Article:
Seattle Week in Review: Northwest Energy, Space Education, & More

Xconomy Seattle — 

This week, we’re reviewing a new long-term energy plan for the Northwest that calls for more of the same: energy efficiency.

Also, a new regional space education effort is under way. Might it yield applicants to NASA’s next astronaut class (the latest one received a record 18,300 applicants)?

And check out some good reading and viewing recommendations on the economic impacts of the instant-gratification economy; the propensity of males to underestimate their female peers in undergraduate science classes; the merits of leaving your digital technology behind when exploring a city; and The Human Face of Big Data. On to the highlights:

The Northwest can accommodate growing energy demand over the next two decades largely through energy efficiency measures, as it has done since the late 1970s, as well as demand response, a small amount of new renewable energy, and new natural gas generation.

The Northwest Power Planning Council, which sets big-picture strategy that seeks to balance energy and environmental needs in Washington, Oregon, Idaho, and Montana, says that by 2035, the region’s expected population of some 16 million people, generating $170 billion in industrial output, can get by with roughly the same amount of electricity used today: 20,000 average megawatts.

Northwest energy resource development anticipated in the region's Seventh Power Plan. Source: Northwest Power Planning Council.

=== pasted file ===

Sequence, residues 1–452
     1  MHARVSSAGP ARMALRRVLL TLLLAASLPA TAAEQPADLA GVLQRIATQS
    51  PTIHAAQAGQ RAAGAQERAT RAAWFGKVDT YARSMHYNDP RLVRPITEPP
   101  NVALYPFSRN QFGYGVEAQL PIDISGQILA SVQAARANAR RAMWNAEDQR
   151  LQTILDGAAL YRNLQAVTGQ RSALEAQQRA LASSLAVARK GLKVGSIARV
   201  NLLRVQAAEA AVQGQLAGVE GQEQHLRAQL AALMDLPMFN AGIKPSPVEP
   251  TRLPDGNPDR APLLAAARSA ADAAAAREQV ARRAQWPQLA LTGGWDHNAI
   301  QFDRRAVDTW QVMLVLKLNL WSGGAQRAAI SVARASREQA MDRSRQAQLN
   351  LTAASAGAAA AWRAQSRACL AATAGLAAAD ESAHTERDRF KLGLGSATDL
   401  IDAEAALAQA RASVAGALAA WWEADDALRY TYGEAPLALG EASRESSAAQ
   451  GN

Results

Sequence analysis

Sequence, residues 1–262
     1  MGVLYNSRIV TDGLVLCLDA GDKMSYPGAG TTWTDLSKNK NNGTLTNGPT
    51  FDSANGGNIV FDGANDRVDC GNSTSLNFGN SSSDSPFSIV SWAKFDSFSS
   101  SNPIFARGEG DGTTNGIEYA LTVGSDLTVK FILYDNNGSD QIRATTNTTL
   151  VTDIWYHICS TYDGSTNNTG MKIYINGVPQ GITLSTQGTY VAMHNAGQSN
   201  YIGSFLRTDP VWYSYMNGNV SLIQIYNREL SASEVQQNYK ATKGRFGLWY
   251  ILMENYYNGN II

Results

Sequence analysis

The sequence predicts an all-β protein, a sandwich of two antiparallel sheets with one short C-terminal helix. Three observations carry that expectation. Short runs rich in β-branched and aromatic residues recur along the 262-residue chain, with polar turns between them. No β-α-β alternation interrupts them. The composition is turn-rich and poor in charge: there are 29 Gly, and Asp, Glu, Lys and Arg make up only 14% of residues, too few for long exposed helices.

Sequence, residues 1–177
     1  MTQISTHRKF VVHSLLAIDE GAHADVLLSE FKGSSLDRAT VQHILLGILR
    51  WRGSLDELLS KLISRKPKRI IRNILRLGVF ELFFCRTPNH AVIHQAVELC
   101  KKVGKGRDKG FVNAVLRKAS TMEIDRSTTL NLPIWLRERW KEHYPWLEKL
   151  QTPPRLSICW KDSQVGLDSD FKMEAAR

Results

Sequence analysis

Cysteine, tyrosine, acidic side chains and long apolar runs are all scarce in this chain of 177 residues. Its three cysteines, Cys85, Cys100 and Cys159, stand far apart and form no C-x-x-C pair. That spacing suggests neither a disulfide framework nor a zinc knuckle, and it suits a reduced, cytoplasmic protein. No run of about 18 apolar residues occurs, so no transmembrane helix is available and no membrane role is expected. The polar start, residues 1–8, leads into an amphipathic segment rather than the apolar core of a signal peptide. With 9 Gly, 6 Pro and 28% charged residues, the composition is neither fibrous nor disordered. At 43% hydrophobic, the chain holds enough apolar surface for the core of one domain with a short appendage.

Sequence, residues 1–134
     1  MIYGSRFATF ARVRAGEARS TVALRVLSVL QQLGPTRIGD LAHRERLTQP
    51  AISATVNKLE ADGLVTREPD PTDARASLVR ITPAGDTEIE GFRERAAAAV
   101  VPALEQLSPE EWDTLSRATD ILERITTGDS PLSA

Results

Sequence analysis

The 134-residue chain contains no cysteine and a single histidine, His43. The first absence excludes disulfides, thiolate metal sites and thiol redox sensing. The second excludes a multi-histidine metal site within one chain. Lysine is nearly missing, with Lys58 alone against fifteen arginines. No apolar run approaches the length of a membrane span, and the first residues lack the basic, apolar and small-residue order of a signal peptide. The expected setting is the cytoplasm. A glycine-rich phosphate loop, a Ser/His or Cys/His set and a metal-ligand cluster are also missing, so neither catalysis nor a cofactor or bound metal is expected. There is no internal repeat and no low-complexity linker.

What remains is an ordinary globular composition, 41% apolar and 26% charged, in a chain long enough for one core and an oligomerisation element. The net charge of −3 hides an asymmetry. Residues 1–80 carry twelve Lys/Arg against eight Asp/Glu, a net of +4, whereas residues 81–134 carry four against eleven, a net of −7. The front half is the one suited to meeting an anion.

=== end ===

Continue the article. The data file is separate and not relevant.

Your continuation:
Northwest energy resource development anticipated in the region’s Seventh Power Plan. Source: Northwest Power Planning Council.

That’s because even though energy demand is expected to increase by between 1,800 and 4,400 average megawatts in the next 20 years, the Council, in its Seventh Power Plan, approved earlier this month, calls for adding about 4,300 average megawatts of energy efficiency. About a third of that is needed in the next six years. That’s good news for companies making and installing everything from insulation and efficient windows to smart thermostats and LED lighting.

Deep in a draft version of the plan’s appendix (PDF) is a discussion of the “cannabis load”—increasing energy demand from the region’s newly legal marijuana industry. The plan estimates that indoor production of a kilogram of marijuana uses anywhere from 2,918 to 6,100 kilowatt hours of electricity. The plan forecasts that marijuana production in 2035 could consume 180 to 300 average megawatts, or about 1.5 percent of total electricity use at the, ahem, high end. All the more reason for the industry to establish better efficiency practices now, as a new report advocates.

The plan also calls for more demand response to reduce peak energy demands in summer and winter by paying large energy users to cut power consumption during those times. The software and systems necessary to implement demand response—including, potentially, on-site energy storage to enable industrial customers to undertake their own energy arbitrage—represents another area of commercial opportunity.